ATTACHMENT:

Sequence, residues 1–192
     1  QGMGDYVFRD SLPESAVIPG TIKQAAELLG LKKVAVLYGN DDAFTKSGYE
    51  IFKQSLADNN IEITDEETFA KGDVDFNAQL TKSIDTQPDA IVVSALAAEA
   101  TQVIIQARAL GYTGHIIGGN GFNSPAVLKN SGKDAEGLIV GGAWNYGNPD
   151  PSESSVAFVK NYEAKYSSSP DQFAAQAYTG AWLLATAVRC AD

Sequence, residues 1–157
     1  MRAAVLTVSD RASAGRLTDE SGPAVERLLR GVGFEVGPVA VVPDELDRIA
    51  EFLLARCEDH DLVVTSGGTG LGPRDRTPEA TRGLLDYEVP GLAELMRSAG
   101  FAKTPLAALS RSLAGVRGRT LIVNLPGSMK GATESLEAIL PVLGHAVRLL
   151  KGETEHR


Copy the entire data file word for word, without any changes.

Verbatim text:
Sequence, residues 1–192
     1  QGMGDYVFRD SLPESAVIPG TIKQAAELLG LKKVAVLYGN DDAFTKSGYE
    51  IFKQSLADNN IEITDEETFA KGDVDFNAQL TKSIDTQPDA IVVSALAAEA
   101  TQVIIQARAL GYTGHIIGGN GFNSPAVLKN SGKDAEGLIV GGAWNYGNPD
   151  PSESSVAFVK NYEAKYSSSP DQFAAQAYTG AWLLATAVRC AD

Sequence, residues 1–157
     1  MRAAVLTVSD RASAGRLTDE SGPAVERLLR GVGFEVGPVA VVPDELDRIA
    51  EFLLARCEDH DLVVTSGGTG LGPRDRTPEA TRGLLDYEVP GLAELMRSAG
   101  FAKTPLAALS RSLAGVRGRT LIVNLPGSMK GATESLEAIL PVLGHAVRLL
   151  KGETEHR